Heat. Your feet in dusty sandals ache for rest.
As you sit down, wiping your forehead, you look up.
Dark clouds and the promise of rain hover above you.
The first drops fall on the dusty path.
And release the scent of summer.
The earthy scent produced when rain falls on dry soil has inspired poets and writers long before it was scientifically described in 1964. Two Australian researchers, Isabel Bear and Dick Thomas named the unique aroma “petrichor”. The word was coined from Greek petros, meaning “stone” and ichor, meaning "the fluid that flows in the veins of the gods”.
Bear and Thomas concluded that the scent was a combination of plant oils and geosmin, a molecule produced by certain soil bacteria. The plant oils are absorbed by soil. When it rains the oil is released together with the geosmin formed by Actinomyces.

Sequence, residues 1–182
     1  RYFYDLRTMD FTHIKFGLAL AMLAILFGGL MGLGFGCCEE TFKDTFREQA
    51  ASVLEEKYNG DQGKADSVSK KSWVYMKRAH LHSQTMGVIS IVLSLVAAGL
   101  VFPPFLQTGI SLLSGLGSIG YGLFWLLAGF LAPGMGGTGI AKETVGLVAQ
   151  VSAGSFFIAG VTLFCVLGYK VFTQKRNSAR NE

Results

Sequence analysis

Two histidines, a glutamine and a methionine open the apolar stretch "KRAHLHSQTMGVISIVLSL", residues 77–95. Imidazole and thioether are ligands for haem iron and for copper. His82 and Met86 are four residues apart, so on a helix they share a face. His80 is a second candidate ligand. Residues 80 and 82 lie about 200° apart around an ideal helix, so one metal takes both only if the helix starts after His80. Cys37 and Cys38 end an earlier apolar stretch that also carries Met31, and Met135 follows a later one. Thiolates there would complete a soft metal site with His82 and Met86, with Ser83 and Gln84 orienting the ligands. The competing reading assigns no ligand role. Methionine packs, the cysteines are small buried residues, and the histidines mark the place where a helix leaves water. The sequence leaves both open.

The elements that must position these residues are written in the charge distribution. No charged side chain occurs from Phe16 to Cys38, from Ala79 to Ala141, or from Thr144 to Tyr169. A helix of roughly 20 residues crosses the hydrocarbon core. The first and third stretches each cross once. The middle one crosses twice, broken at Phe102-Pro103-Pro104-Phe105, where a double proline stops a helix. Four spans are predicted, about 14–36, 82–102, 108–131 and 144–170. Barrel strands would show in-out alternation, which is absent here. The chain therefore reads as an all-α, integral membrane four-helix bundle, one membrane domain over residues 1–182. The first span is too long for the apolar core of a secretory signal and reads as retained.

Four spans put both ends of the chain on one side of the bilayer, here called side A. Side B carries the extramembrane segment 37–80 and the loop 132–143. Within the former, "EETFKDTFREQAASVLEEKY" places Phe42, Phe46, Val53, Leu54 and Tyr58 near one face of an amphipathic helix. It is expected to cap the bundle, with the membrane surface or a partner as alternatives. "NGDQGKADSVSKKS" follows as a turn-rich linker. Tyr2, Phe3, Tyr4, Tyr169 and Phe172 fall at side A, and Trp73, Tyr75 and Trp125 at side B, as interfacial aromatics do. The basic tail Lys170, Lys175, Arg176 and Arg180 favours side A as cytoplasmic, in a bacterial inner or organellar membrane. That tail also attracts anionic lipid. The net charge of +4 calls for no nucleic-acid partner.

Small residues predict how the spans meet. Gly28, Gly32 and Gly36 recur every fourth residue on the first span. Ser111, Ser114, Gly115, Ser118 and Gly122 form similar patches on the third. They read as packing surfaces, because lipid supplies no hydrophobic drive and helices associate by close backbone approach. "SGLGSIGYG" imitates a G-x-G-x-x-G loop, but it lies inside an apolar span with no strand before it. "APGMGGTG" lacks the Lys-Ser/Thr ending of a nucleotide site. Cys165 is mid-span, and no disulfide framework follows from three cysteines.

The exact mechanism of how aerosols are released during summer rains and carrie the scent of petrichor was demonstrated by scientists from MIT in 2015. They used high-speed cameras to capture the process.